Magnesium L-Threonate and the Blood-Brain Barrier
- February 22, 2022
If you’ve been reading about magnesium supplements for improving cognitive function, you may have heard rumors that only magnesium L-threonate passes through the blood-brain barrier.
Some supplement manufacturers have even gone so far to dub magnesium L-threonate as “brain magnesium,” claiming that it is the sole form of that can help with memory, depression, anxiety, and chronic brain diseases – but that’s just not true.
There are many high-quality (and not so high-quality) magnesium products on the market. When it comes to choosing a magnesium supplement, however, things can get a little puzzling.
It’s easy to fall victim to marketing gimmicks.
Magnesium and Brain Function
Magnesium is one of many essential minerals that has multiple biological roles in the human body.
The nutrient is of particular importance for brain function; it has been shown to exhibit neuroprotective effects by combatting excessive excitation and death of neurons.
Several human studies have demonstrated that magnesium plays a key role in the regulation of stress response. It is likely that stress increases magnesium loss, causing deficiency.
In turn, magnesium deficiency could enhance the body’s susceptibility to stress. I should note that symptoms of magnesium deficiency and stress are very similar: fatigue, irritability, mild anxiety, etc.
58% of individuals with sleep disorders have been shown to consume less than the recommended intake of magnesium and they also exhibit higher levels of C-reactive protein, an indicator of inflammatory stress.
Low magnesium levels cause inflammation in the human body, which is associated with many chronic disease states, including several cognitive-related disorders.
Magnesium L-Threonate vs. Other Magnesium Salts
Magnesium L-threonate is a unique compound that is efficiently absorbed due to the bonding of threonic acid (a sugar compound derived from vitamin C).
I’ll admit – magnesium L-threonate is great at crossing the blood-brain barrier and increasing the body’s magnesium levels. Old and new studies have shown us that.1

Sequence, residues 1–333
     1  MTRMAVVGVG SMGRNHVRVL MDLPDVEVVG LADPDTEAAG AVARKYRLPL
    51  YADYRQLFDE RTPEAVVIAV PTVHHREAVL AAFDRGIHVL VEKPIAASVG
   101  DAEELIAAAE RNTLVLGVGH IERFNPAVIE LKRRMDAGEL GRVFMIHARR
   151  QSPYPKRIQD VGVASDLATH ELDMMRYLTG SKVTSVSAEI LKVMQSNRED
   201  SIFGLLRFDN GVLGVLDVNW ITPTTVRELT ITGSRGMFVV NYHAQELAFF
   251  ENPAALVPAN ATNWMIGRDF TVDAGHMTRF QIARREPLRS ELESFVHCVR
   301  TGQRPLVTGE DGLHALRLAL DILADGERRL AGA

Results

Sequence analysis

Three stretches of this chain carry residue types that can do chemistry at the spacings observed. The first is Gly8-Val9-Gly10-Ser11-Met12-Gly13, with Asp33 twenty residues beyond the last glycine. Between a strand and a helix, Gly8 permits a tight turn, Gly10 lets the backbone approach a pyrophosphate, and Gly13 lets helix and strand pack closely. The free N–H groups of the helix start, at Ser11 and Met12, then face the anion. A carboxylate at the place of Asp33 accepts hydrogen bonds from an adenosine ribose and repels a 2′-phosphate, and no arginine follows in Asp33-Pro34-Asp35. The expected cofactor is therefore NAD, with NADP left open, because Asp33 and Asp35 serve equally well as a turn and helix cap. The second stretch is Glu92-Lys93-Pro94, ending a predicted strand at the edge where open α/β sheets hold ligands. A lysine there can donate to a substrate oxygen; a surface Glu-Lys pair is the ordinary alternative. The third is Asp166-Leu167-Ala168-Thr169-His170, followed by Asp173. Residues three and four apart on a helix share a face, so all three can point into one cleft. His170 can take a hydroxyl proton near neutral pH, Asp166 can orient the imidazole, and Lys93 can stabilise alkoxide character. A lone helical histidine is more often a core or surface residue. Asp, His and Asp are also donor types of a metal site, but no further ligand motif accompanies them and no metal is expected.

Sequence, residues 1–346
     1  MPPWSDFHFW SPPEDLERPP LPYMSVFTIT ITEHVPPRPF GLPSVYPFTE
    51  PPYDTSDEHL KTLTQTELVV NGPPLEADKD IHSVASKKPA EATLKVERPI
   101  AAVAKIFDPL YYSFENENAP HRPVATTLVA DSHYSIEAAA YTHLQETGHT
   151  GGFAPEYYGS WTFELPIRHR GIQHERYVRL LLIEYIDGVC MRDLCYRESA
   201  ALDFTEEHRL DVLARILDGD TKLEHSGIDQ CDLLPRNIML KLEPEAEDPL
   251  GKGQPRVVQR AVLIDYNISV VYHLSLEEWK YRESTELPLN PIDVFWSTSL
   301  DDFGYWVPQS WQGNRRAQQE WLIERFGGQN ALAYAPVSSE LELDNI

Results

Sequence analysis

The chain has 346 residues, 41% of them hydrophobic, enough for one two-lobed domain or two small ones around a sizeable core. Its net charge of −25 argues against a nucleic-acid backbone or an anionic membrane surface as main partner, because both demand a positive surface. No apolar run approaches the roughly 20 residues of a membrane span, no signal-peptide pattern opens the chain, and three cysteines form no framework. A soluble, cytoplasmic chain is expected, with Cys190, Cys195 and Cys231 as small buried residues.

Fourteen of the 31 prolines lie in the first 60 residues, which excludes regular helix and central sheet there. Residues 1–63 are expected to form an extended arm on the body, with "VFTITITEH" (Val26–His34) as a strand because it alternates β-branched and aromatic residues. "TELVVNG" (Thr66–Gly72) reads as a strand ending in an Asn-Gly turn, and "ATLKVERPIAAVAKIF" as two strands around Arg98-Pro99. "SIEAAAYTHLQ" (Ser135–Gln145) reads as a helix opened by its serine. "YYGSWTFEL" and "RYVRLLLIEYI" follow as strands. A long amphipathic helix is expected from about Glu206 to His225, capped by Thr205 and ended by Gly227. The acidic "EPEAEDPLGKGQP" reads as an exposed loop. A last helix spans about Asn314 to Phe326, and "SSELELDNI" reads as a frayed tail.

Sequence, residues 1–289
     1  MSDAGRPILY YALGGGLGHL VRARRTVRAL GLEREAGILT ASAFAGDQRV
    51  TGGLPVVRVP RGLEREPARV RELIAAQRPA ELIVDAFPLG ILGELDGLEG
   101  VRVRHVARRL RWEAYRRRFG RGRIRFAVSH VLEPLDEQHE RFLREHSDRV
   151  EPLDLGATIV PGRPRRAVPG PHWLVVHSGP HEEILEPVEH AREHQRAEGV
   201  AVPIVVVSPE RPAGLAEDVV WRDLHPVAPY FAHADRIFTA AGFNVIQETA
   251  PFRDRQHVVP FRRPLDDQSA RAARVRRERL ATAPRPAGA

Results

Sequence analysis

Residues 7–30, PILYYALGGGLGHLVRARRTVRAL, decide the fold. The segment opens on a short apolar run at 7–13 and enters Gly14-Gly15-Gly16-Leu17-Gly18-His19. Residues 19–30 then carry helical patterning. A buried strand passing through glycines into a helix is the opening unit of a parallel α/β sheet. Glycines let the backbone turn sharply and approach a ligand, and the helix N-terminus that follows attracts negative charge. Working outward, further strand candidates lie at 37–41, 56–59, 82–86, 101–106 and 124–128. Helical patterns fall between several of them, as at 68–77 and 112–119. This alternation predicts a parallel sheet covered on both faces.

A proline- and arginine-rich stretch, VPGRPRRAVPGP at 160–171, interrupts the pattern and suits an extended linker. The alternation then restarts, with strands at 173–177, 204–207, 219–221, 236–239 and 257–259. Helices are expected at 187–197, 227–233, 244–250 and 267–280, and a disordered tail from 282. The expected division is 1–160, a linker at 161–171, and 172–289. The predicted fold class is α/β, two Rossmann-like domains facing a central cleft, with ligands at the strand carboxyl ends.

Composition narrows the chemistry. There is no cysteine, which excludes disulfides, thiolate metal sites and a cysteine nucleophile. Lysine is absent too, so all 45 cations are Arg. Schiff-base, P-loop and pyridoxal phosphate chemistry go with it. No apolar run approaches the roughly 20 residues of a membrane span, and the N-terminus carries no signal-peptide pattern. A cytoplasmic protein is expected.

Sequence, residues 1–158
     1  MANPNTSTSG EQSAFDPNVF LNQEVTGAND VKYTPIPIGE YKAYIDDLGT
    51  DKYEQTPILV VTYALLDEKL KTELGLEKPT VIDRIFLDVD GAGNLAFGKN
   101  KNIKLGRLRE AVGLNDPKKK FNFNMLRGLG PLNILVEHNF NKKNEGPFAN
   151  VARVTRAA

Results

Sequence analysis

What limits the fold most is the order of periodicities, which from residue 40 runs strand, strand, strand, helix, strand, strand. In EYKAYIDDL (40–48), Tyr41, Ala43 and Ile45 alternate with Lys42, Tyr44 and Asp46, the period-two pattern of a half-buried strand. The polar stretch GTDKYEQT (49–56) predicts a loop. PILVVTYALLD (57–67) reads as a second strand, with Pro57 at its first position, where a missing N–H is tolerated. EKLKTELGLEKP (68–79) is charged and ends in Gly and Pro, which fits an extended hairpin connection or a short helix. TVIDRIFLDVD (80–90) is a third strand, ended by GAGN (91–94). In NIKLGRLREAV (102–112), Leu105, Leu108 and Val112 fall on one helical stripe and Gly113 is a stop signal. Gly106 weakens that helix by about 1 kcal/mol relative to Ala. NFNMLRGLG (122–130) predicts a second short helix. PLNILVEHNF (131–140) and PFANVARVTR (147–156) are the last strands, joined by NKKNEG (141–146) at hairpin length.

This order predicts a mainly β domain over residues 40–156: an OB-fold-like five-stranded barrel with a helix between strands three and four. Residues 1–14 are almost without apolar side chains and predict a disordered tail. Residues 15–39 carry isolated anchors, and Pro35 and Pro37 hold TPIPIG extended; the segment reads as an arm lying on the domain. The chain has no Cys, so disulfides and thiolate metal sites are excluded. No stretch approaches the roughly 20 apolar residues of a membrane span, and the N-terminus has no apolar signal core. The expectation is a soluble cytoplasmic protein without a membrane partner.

However, many brands are making misleading claims of being the only form that can cross that barrier and provide the best cognitive benefits. Let’s set the record straight.
Most common forms of magnesium including citrate, oxide, chloride, and taurate have been shown to cross the blood-brain barrier and exhibit neuroprotective effects on cognition.
Human studies of head injury have consistently demonstrated this finding for decades. Rodent studies also report that various forms of magnesium can raise brain magnesium levels.
So don’t fall victim to marketers. Magnesium glycinate does not seem to cross the blood-brain barrier, but it still provides high levels of absorption and bioavailability, making it an option for correcting magnesium deficiencies.
The Bottom Line
Many forms of magnesium can cross the blood-brain barrier and influence cognitive outcomes. Consuming magnesium-rich foods is important because they contain a package of many nutrients and bioactives that work together to promote a wide variety of cognitive and other health benefits.
So, if you’re reading stuff online about how there’s only one magnesium supplement worth taking for neurological purposes, be skeptical.
There are lots of low-quality products out there. If you’re taking a supplement, be sure to read the Supplement Facts Panel to see how much magnesium is in the product, as marketing claims on the label can be deceiving (see example below).
Consider having your free ionized magnesium (iMg2+) levels checked to better understand your status. This will give you a better place to start as you talk to your dietitian or health professional about a magnesium supplement regimen that is right for you.